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Va. Tech shootings may aid bill's passage

NEW YORK, April 23 (UPI) -- A bill for a more stringent background-check system for gun purchasers may get U.S. Congress approval because of the recent tragedy at Virginia Tech.

The Christian Science Monitor reported Monday that in the wake of last week's deadly shooting at the university, a stalled bill in Congress for more rigorous background checks for potential firearm customers may gain passage.

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Cho Seung-hui, the Virginia Tech student who killed 32 others and himself last Monday, had obtained a firearm at a federally licensed store having once been deemed mentally ill.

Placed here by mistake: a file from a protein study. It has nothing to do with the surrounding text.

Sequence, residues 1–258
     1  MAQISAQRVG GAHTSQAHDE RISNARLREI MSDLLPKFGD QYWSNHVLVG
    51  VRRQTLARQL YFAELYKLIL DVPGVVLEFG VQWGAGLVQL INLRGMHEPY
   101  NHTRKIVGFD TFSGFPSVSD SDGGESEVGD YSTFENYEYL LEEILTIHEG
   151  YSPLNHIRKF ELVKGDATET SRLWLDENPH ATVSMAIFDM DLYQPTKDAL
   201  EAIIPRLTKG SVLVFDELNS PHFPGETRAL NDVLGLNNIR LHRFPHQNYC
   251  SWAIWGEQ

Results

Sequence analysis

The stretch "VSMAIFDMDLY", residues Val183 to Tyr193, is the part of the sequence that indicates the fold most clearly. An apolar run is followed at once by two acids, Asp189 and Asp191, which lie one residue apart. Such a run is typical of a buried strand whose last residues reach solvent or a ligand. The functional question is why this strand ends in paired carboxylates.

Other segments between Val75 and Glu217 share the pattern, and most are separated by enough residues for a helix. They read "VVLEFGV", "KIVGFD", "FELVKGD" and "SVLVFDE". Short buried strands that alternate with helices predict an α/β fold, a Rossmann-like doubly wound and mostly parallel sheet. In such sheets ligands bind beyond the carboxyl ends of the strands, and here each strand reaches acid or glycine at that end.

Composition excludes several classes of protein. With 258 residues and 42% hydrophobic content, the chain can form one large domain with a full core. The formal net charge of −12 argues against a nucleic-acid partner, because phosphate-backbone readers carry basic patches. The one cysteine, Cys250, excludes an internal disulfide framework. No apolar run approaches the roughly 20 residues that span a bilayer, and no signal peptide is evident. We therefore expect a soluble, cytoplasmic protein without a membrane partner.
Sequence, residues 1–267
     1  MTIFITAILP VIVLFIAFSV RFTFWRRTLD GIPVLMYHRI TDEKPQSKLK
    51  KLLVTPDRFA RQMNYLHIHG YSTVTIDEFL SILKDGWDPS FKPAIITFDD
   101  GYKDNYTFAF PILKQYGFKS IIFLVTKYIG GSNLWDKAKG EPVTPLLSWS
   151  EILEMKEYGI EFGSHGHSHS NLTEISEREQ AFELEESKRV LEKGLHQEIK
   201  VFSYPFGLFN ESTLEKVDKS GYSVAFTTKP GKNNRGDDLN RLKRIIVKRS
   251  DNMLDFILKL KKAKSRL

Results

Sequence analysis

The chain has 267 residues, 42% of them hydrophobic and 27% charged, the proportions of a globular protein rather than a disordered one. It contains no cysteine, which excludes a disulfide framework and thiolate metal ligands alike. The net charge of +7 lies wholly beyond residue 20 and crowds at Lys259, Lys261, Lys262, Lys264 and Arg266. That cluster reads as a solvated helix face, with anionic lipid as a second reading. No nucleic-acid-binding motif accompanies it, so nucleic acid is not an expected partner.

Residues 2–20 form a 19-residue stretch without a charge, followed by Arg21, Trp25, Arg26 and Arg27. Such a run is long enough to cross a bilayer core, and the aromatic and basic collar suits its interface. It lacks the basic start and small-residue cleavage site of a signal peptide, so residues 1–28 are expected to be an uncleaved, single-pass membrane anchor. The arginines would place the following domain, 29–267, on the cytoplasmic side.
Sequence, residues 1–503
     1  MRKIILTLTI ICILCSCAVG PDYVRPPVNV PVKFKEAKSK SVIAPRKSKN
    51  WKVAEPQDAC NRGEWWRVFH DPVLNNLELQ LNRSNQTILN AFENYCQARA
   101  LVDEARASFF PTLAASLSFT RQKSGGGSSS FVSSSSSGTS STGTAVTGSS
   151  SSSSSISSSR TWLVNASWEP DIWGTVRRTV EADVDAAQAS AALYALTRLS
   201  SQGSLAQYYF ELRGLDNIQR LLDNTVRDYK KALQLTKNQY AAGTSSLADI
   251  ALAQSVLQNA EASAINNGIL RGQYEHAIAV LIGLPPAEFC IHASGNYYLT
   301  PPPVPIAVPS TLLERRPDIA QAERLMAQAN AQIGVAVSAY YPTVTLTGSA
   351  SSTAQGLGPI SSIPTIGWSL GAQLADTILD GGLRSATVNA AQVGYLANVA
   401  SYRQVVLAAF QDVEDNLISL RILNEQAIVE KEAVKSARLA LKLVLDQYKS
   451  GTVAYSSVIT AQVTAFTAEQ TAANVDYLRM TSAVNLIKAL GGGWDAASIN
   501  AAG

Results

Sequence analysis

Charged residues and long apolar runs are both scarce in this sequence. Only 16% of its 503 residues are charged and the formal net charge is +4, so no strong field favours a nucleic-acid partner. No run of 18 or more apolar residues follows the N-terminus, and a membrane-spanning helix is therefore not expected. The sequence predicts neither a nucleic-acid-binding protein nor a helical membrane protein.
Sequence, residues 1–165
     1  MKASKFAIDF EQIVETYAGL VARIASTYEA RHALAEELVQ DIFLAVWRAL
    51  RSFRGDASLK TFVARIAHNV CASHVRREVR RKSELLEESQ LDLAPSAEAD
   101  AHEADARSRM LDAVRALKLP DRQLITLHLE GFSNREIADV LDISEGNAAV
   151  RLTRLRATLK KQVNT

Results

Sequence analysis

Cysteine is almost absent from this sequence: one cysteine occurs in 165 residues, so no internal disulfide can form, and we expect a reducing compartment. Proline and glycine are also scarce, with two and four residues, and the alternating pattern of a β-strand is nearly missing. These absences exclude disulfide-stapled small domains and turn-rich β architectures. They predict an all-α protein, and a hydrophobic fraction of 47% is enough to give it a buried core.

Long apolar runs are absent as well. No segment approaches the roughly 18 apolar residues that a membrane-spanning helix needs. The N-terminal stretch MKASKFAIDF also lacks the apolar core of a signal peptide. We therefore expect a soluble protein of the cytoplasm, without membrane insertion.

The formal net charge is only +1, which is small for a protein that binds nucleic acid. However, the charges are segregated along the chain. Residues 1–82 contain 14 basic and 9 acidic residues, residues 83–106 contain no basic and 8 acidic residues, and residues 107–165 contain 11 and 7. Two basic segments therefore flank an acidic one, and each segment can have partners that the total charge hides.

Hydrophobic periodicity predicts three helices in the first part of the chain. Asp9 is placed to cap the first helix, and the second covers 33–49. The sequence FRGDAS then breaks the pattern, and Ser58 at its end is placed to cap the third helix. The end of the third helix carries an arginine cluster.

Virginia mandates that an individual must be committed to a mental institution before they can be banned from purchasing a firearm. Yet federal law states that someone who is "adjudicated as a mental defective" should be dealt such a ban.

Advocates of the bill for a more stringent National Instant Criminal Background Check System said its potential rewards completely outweighed its possible hazards.

"The American people would be willing to put up with a little more red tape if it stops some of the yellow crime-scene tape," Paul Helmke of Washington's Brady Center to Prevent Gun Violence told the Monitor.

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